​Pakistan sentences British paranoid schizophrenic to death for blasphemy

​Pakistan sentences British paranoid schizophrenic to death for blasphemy

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ARCHIVE PHOTO. Residents hold placards during a rally protesting the killing of the Governor of Punjab Salman Taseer in Lahore, Taseer was shot dead by one of his guards, who was apparently incensed by the politician's opposition to the blasphemy law. (Reuters / Mohsin Raza)

ARCHIVE PHOTO. Residents hold placards during a rally protesting the killing of the Governor of Punjab Salman Taseer in Lahore, Taseer was shot dead by one of his guards, who was apparently incensed by the politician’s opposition to the blasphemy law. (Reuters / Mohsin Raza)

An elderly British man with paranoid schizophrenia who claimed he was the Prophet Mohammed has been sentenced to death in Pakistan under the country’s blasphemy laws.

Despite a long history of mental illness, Mohammad Asghar was
convicted and sentenced Thursday in Rawalpindi, where he is
currently being held at the high security Adiala Jail. His
lawyers said he has attempted suicide and suffered a stroke while
incarcerated at Adiala. He was arrested in 2010.

His defense, who submitted his health records in the case, say
his illness explains the allegations that he told a tenant, who
was renting a piece of property he owned in Pakistan, that he was
the Prophet Mohammed.

His lawyers, who asked to stay anonymous based on the sensitivity
associated with the blasphemy law, told the Daily Telegraph that
they fear Asghar may attempt suicide once again.

“We want to stress that Mr. Asghar is in a suicidal state and
that the authorities need to put him on suicide watch; he has
suffered a stroke and has already tried to kill himself in
prison.”

A Pakistani medical board called Asghar mentally fit, clearing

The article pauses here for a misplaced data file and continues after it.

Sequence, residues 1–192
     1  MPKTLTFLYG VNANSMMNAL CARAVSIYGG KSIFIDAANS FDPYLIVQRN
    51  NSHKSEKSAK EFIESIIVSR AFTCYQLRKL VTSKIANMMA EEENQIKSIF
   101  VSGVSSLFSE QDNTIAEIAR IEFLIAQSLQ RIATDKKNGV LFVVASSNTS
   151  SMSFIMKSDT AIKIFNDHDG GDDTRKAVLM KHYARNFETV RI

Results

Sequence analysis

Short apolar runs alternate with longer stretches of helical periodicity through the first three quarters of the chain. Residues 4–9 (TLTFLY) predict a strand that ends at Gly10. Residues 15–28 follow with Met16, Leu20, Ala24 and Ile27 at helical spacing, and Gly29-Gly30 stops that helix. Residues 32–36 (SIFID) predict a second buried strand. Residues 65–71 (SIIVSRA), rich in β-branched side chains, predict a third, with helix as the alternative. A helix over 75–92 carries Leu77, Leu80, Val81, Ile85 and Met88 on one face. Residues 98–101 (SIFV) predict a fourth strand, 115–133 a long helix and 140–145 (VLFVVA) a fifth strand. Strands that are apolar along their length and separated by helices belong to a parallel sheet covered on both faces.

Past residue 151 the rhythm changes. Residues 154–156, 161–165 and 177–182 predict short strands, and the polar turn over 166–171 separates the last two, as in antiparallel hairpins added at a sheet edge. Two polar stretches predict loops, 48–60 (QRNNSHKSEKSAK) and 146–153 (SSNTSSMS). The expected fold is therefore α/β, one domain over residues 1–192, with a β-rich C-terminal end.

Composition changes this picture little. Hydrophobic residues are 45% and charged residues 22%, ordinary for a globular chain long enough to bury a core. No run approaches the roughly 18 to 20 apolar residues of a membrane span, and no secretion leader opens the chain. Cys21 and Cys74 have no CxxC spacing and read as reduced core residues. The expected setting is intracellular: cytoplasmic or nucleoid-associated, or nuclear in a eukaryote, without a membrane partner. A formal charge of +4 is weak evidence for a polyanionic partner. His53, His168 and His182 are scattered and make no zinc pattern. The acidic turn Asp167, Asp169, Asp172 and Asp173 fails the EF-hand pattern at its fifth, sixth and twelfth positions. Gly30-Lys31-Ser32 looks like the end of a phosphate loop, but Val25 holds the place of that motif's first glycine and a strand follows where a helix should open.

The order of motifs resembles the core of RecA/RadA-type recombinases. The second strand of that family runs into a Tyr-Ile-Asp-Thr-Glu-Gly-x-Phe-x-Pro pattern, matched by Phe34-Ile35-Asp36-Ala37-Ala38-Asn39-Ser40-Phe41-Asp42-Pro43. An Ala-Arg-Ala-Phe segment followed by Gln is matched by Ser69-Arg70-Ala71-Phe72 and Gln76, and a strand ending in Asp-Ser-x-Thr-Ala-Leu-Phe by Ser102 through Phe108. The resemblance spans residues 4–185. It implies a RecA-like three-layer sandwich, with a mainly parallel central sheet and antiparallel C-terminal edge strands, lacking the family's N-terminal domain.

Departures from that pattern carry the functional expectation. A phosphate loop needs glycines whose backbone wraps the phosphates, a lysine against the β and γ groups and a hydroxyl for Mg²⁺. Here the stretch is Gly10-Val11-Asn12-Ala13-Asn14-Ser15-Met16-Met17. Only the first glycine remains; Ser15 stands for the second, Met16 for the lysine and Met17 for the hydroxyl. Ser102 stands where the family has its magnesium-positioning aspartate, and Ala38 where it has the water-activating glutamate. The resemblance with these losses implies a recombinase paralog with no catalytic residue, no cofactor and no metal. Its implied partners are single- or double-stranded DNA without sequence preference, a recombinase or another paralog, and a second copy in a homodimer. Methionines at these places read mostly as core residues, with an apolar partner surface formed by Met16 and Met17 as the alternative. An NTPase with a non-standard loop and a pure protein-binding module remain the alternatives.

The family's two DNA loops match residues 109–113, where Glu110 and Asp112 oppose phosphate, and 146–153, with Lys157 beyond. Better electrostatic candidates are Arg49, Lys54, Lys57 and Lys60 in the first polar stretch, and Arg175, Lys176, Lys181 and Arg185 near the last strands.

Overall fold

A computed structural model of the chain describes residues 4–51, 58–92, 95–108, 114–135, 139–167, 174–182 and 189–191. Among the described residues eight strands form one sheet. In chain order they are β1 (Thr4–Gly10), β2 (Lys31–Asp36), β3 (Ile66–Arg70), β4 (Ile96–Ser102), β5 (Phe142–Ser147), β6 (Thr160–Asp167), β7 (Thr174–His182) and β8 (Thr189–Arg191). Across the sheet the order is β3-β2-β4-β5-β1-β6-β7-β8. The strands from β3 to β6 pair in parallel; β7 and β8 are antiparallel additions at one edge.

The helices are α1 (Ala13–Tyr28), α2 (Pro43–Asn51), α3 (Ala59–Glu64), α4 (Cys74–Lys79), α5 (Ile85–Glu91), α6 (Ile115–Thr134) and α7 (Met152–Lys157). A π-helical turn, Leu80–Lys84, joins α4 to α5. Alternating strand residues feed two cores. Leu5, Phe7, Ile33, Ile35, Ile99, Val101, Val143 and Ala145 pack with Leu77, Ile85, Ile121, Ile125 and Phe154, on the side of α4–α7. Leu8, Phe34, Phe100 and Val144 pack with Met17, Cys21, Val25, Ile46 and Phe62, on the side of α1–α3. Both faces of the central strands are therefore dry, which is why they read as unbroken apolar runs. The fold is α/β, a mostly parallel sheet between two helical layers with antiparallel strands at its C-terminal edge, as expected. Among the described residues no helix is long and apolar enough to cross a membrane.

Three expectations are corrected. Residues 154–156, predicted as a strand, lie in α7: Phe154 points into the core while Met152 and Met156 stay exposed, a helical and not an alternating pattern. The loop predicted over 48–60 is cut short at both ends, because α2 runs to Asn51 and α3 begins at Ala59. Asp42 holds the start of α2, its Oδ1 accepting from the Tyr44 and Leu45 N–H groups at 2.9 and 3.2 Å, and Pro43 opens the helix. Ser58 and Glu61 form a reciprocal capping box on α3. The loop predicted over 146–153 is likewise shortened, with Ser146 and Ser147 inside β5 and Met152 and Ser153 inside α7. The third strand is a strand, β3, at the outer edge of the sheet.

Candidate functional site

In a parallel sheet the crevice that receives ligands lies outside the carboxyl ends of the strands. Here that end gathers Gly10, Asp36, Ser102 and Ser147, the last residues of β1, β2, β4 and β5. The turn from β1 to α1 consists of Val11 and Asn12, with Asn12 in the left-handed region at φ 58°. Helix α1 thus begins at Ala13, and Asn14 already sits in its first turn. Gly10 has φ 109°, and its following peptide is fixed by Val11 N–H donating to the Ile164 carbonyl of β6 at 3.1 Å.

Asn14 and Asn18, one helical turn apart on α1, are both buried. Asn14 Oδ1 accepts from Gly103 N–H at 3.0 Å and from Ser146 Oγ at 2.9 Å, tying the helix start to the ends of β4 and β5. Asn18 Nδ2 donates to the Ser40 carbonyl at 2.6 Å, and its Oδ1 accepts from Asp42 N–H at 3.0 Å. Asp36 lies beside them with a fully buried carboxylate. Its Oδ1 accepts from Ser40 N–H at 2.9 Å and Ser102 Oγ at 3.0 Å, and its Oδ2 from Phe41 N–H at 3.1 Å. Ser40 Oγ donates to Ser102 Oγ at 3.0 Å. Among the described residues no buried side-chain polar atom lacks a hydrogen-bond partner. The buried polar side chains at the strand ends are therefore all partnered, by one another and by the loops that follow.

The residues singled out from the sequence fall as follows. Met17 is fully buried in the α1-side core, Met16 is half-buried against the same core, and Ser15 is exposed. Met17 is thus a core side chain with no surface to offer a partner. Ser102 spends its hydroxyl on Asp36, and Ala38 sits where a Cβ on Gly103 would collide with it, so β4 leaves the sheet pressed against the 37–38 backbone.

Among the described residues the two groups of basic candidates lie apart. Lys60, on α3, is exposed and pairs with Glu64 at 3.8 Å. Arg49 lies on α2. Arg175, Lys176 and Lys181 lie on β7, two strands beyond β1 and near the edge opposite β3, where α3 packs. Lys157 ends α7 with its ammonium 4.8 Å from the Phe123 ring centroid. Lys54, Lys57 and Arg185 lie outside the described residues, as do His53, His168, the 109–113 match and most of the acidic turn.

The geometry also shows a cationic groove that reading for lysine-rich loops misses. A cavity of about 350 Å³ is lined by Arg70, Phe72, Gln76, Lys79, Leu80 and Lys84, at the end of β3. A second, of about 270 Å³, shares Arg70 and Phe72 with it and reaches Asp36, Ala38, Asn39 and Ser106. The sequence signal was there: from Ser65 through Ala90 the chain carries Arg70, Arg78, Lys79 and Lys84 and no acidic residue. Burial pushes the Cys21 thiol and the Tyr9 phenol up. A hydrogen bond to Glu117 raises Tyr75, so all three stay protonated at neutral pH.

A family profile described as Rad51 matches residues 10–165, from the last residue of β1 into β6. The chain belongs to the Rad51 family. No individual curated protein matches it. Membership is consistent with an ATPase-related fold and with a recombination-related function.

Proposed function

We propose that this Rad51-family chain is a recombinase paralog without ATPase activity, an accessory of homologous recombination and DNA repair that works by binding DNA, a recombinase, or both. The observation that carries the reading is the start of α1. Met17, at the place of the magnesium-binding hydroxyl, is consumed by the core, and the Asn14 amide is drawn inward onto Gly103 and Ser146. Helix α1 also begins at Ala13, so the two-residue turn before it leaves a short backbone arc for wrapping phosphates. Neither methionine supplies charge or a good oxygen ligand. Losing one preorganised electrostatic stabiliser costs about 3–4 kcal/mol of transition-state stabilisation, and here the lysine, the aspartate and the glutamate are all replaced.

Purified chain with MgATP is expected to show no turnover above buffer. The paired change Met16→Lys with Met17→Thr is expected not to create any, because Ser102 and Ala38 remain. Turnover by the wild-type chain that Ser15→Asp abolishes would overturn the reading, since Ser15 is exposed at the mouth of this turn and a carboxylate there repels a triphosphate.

the way for the death penalty. He is to remain in jail for five
years before he can appeal the decision.

Asghar, 71, was once sectioned under the Mental Health Act and
was treated at Edinburgh’s Royal Victoria Hospital, where he was
diagnosed.

In an affidavit for his defense, Dr. Jane McLennan, who has
treated him, said his history of illness goes back to 1993. She
said Asghar suffered a stroke in 2000, which exacerbated his
condition and left him with facial palsy and a limp.

Not long before his 2010 arrest in Rawalpindi, Asghar was
admitted to the Royal Victoria Hospital with “grandiose”
paranoid delusions, believing former British Prime Minister Tony
Blair and former US President George W. Bush had sent secret
agents for him based on his opposition to the Iraq war. He also
believed Pakistani and international media organizations had
bugged his home.

Upon his release in March 2010, he left for Pakistan on heavy
medication that Dr. McLennan said he unlikely continued. She said
he was at high risk for suicide, offering to treat him in
Edinburgh.

He was first arrested not long after leaving the hospital, when a
tenant he was thought to be trying to evict from one of his
properties gave police several unmailed letters in which Asghar
claimed to be the Prophet.

Pakistan’s strict anti-blasphemy law prohibits such slander of
any recognized religion. Penalties range from a fine to death.
Many see the law as tool for misuse against Christians and other
religious minorities in the predominantly Muslim nation.

“We cannot mention anything about Mr. Asghar’s family;
blasphemy is a very sensitive issue in Pakistan and we ask that
our own names are kept out of the press for our own safety,”

one of Asghar’s lawyers said.

Two top Pakistani politicians, Punjab Governor Salman Taseer and
minorities minister Shahbaz Bhatti, were murdered in 2011 for
opposing the law in defense of a Christian woman who had been
sentenced to death for “insulting Islam.”

A spokeswoman for the British High Commission in Islamabad said
it was aware of Asghar’s case and condition, but could not offer
comment, AP reported.

Amnesty International has called for Asghar’s immediate release.

“At a time when Pakistan is reeling from a spate of abuses
which perpetrators seek to justify as a defense of religious
sentiments, reform of the blasphemy laws is more urgent than
ever,
” said Amnesty International’s Deputy Asia-Pacific
Director Polly Truscott.